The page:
treasures of a lifetime.
"Moved By Love" is a
"working through" process
for Gellin. It is a psychologi-
cal journey of spiritual di-
mension. The sub-title of
the work belies the motive,
for this is "A Novel of Re-
membrance." To open the
cover and read the dedica-
tion is -to experience the jar-
ring of personal emotions.
Gellin inscribes, "To the
memory of my grandfather,
Reb Solomon of Slonim.
"TQ the memory of my
own grandfathers, • Ab-
raham — a scholar, and
Johnny — a tailor, whose
deeds spoke the language of
Torah and whose lives
blessed my family saying:
Justice, justice shalt thou
follow, that thou mayest live,
and inherit the land.
—Deuteronomy 16:20.

Let us have a care not to
disclose our hearts to those-
who shut up theirs against

ZOD Plans Balfour Celebration

Old World and the New. A

successful merchant with
an American wife, no less,
Sam wishes to give his son
the Hebrew name of Yosef.
He is also an anonymous
benefactor for Max, speak-
ing in his defense when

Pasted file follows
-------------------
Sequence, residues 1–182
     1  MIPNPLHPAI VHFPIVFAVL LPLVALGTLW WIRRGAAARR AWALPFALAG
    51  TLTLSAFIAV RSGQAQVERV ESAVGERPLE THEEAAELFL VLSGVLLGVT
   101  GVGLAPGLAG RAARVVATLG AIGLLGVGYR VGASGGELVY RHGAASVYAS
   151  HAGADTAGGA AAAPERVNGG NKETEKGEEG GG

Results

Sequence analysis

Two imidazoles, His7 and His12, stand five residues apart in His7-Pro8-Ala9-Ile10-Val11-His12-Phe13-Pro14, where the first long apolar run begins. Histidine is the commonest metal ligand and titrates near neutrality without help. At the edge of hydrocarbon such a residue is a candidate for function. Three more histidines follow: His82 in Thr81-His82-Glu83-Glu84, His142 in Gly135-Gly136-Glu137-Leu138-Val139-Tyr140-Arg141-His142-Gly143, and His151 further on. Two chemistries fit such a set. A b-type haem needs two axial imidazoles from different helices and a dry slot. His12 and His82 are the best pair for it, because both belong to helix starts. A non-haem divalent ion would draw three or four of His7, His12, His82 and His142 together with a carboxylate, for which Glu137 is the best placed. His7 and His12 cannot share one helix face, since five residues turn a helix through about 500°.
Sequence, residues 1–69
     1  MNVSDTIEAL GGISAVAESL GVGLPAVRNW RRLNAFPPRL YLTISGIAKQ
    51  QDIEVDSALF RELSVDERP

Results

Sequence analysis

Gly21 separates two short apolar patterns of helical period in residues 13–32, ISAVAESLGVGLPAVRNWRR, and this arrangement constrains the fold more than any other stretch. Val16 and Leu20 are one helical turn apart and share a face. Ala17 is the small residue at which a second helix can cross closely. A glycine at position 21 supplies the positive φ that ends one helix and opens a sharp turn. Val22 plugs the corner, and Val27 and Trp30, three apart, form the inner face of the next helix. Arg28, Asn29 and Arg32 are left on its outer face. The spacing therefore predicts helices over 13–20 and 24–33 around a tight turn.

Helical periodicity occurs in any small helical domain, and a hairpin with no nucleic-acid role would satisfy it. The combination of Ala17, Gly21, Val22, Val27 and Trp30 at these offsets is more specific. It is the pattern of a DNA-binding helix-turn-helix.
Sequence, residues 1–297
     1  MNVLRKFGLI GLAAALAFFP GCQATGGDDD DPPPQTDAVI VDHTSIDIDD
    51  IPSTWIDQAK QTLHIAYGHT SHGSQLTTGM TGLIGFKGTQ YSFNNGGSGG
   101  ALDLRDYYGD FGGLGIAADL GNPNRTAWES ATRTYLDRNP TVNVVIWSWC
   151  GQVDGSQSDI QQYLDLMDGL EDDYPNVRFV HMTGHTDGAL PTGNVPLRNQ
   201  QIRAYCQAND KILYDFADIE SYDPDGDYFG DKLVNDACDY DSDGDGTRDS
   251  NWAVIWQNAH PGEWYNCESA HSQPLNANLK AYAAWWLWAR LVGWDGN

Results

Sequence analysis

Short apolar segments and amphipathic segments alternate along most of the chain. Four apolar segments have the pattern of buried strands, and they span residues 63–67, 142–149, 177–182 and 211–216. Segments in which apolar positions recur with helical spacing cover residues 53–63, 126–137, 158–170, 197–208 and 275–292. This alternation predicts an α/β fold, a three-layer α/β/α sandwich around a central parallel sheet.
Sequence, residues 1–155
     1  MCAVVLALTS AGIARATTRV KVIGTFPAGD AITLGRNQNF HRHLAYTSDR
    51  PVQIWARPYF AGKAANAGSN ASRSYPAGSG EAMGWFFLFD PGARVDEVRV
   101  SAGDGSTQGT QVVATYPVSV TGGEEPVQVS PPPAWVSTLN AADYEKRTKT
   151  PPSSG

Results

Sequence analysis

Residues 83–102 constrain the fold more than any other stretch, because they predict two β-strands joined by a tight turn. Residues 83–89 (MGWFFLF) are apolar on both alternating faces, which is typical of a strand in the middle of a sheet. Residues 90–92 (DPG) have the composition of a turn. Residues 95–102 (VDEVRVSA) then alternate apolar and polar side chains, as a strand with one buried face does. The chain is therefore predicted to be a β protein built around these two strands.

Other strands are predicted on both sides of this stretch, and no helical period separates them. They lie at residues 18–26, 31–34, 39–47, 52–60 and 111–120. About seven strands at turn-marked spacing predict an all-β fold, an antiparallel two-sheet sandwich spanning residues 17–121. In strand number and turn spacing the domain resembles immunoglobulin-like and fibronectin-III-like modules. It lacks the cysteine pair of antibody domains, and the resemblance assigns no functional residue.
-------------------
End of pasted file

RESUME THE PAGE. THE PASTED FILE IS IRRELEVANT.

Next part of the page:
Max's job is threatened.
Then there is Mr.
Judelowitz, the junkman,
who transforms his cart into
a royal carriage to carry
Max to work. Because of his
trade, he is familiar with
the route, and he bursts
with pride pointing out the
streets to the revered Max
Always there is David's
mother, Rachel. Perhaps, it
is she who is most fluent in
the language of good deeds.
Preparing her son for his
first day of school, she
searches for a way to mark
the special occasion. Should
it be a blessing, a new swea-
ter, a party?
"No, none of these would
leave a lasting impression.
And then it came to her.
Tzedaka. An act of charity."

The Zionist Organization of Detroit's annual Balfour Celebration will be held
7:30 p.m. Oct. 25 at Ford Auditorium. Shown are the committees for the event, from
left, top row, Leah Hoffman, Dori Kiken, Esther Sperber, Sarah Gordon, Doris
Glut, Eleanor Hack and Beverly Laker- second row, Rose Shur, Helen Atler, Helen
Ring, Leah Field, Mollie Weston, Anng.Brand and Joni Feldman; third row, Anne
Silver, Marion Leib, Bella Leikin, Norma Hudosh, Pauline Klein, Sarah Laker,
Lillian Silverman, Eileen Friedlaender, Tillie Panush and Johanna Eisenberg;
fourth row, Sidney Brand, James Hack, Dr. Gerald Sherman, Hymie Cutler, Wal-
ter Field, Dr. Alan Feldman and Max Nosanchuk; fifth row, Louis Panush, Dr. I.
Walter Silver, Herzl Shur, Dr. Lester Zeff, Dr. Alex Friedlaender, Ezekiel Leikin
and Dr. Maxwell Hoffman; sixth row, Julius Ring, A. J. Cutler, Irving Laker, Dr.
Harold Maxmen, Dr. Bernard Weston and Julian Cohen; bottom row, Sidney
Silverman, Rabbi Leon Fram, Harry Laker, Dr. Sidney Leib and Dr. Sion Sol-